An Analysis of The Tempest

Shakespeare’s Final Play

An intriguing play, The Tempest is now one of Shakespeare’s most popular works, but this wasn’t always the case.

It is believed that Shakespeare’s The Tempest was written between 1610 and 1611. However, there are researchers who argue that the play may have been composed earlier than this. Unlike other Shakespeare plays, The Tempest does not have a known source material, which leads some to state that it is the only Shakespeare play with a completely original plot. That said, the play does contain themes found in Ovid’s Metamorphosis and the work of Michel de Montaigne.

History of the Play’s Performance

Despite containing many aspects that would seem to appeal to an early 17th-century audience, such as colonialism, shipwrecks, and commedia dell’arte, history suggests that The Tempest did no make much of an impact in its day. After the reopening of the theatres, during the Restoration, adapted versions of the play were performed, but not the original. In fact, it was not until the mid-1800s that theatre companies began to stage Shakespeare’s version of the play.

In more recent years, The Tempest has been re-evaluated by critics and scholars. Consequently, the play is now rated among Shakespeare’s best.

Synopsis of The Tempest

The play opens aboard a ship that is being ravaged by a huge storm. Soon, the passengers and crew are shipwrecked and find themselves on a remote island. The audience learns that Prospero, a powerful sorcerer, has caused the wreck to exact revenge upon his brother who usurped his position as Duke of Milan.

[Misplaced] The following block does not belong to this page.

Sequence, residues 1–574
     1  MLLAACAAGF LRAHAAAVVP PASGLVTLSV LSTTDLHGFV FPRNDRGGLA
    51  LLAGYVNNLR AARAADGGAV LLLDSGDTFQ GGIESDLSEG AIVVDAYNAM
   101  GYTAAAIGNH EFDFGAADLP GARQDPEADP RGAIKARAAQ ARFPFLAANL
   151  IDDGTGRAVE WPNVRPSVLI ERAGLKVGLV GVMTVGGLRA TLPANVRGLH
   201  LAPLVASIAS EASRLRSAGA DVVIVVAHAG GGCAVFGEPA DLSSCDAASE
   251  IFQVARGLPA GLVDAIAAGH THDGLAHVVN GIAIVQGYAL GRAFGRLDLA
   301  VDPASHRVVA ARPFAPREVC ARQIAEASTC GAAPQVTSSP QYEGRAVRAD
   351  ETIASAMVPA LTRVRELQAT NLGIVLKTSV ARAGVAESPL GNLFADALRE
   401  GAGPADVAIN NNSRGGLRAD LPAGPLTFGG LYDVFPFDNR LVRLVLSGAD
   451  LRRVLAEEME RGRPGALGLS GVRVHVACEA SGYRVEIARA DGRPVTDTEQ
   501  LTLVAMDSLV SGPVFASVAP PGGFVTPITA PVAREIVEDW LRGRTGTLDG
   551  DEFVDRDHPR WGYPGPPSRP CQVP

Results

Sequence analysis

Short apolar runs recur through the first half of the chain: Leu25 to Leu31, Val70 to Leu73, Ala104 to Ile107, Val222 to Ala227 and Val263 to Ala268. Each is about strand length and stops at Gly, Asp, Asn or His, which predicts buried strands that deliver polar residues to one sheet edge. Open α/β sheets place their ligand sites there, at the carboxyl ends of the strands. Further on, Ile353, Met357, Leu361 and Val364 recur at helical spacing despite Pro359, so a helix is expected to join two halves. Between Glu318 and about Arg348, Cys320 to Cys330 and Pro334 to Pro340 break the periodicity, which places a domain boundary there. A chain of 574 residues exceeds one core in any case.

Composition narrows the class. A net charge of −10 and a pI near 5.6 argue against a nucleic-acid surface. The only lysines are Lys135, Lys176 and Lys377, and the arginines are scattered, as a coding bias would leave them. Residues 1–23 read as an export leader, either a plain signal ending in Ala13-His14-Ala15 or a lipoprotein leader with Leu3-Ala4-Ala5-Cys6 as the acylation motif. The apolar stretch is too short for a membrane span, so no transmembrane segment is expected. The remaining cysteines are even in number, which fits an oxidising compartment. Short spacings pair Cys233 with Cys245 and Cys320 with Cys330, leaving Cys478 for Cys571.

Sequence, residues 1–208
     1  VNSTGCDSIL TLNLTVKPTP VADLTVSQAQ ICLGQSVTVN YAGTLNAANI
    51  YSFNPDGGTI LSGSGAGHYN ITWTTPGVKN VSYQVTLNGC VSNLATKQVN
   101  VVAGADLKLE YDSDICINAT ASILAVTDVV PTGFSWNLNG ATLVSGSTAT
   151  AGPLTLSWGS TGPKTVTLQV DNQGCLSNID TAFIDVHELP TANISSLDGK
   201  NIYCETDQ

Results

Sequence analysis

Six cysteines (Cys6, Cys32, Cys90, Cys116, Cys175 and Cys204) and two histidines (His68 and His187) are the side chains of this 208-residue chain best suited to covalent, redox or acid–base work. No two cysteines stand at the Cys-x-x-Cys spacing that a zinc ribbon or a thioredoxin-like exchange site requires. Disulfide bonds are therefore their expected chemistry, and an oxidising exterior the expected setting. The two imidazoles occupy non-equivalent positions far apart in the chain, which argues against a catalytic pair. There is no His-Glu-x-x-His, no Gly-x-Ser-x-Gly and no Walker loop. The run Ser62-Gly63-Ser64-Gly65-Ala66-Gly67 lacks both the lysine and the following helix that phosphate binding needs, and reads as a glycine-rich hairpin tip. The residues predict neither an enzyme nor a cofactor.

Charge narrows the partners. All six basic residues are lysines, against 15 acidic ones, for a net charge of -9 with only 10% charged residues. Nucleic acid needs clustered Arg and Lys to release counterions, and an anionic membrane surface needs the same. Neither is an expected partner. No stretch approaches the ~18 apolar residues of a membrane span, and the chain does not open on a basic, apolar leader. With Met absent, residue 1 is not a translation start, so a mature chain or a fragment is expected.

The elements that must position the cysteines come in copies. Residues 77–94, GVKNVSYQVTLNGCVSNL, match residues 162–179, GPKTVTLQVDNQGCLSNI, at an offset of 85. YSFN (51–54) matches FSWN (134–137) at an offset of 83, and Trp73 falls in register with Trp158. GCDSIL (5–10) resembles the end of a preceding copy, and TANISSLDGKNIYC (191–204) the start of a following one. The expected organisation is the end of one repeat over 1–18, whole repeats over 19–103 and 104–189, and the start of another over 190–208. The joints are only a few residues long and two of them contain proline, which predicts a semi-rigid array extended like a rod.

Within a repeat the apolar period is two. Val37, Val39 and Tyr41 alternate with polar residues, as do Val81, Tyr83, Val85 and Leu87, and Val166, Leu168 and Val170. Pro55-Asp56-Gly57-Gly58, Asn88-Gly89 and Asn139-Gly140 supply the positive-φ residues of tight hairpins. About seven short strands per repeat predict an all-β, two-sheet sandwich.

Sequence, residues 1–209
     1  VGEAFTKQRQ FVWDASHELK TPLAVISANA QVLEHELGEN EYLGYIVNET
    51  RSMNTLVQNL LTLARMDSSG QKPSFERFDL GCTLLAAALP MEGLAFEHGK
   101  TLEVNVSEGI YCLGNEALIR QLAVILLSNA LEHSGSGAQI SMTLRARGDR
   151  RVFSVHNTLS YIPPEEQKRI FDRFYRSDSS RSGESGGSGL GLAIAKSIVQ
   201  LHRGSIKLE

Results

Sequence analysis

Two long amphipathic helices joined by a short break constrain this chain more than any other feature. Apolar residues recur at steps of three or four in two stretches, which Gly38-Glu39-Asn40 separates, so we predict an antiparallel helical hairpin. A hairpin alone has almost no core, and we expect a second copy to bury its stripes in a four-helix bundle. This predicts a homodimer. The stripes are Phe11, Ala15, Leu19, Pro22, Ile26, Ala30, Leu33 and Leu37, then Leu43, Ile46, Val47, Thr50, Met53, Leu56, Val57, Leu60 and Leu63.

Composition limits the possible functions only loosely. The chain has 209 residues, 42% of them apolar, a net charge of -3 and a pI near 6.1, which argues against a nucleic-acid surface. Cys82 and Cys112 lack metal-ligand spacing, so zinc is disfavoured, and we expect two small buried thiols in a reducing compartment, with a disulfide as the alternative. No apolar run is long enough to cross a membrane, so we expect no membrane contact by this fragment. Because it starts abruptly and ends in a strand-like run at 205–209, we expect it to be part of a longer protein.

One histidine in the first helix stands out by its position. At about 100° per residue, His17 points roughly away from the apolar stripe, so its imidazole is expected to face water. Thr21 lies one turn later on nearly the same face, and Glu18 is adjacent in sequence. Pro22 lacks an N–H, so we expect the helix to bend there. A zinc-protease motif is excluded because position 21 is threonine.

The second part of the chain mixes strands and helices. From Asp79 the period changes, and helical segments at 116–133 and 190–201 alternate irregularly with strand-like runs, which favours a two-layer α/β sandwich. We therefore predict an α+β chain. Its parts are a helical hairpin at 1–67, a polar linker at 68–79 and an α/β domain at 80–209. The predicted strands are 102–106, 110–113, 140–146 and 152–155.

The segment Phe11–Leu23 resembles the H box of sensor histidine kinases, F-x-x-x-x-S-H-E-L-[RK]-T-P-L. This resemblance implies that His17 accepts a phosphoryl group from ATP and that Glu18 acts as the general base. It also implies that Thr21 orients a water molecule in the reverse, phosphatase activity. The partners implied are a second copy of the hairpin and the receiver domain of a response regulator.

The action of the play takes place on the island, which Prospero and his daughter, Miranda, were banished to twelve years previously. The only native inhabitants of the island are Caliban, a deformed and allegedly monstrous creature, who hates Prospero for claiming the island as his own, and Ariel, a spirit who has agreed to serve Prospero in exchange for eventual freedom.

Lack of Action in The Tempest

One of the most intriguing aspects of The Tempest is that it does not contain any real action and there is no sense of forwarding motion in the plot. Much of the ‘action’ of the play is conducted off stage, for example, the usurpation of the Dukedom, the attempted rape of Miranda and the shipwreck. In addition, the vain attempts to kill the King of Naples and the drunken efforts of the sailors and Caliban to disable Prospero are all doomed to fail.

Moreover, the romance between Miranda and Ferdinand is established at an early point of the play. Therefore, the audience is treated to the comedic bungling of the drunken Trinculo and Stephano, and the exaction of revenge upon Sebastian and Antonio.

Theatrical Devices Used by Shakespeare

The Tempest is one of only two Shakespeare plays that conform to Aristotle’s three unities. Interestingly, the other is one of Shakespeare’s earliest plays, The Comedy of Errors.

Intriguingly, The Tempest does not shy away from addressing the subjects of theatre and acting. In this way, it could be said that The Tempest has a post-modern slant, (although the theory of postmodernism was not coined until nearly 400 years after Shakespeare’s death) because Shakespeare frequently draws similarities between Prospero’s magic and the art of theatre. This, of course, is not unusual for Shakespeare, as he makes many references to theatre and the art of acting throughout his works.

Shakespeare also courts a controversial subject with the inclusion of magic within the play. Again, this is not unique; there are elements of magic in many plays, including A Midsummer Night’s Dream and Macbeth. However, in The Tempest, Shakespeare is portraying a rational human practitioner of magic, which is extremely unusual and accounts for play’s initial unpopularity.

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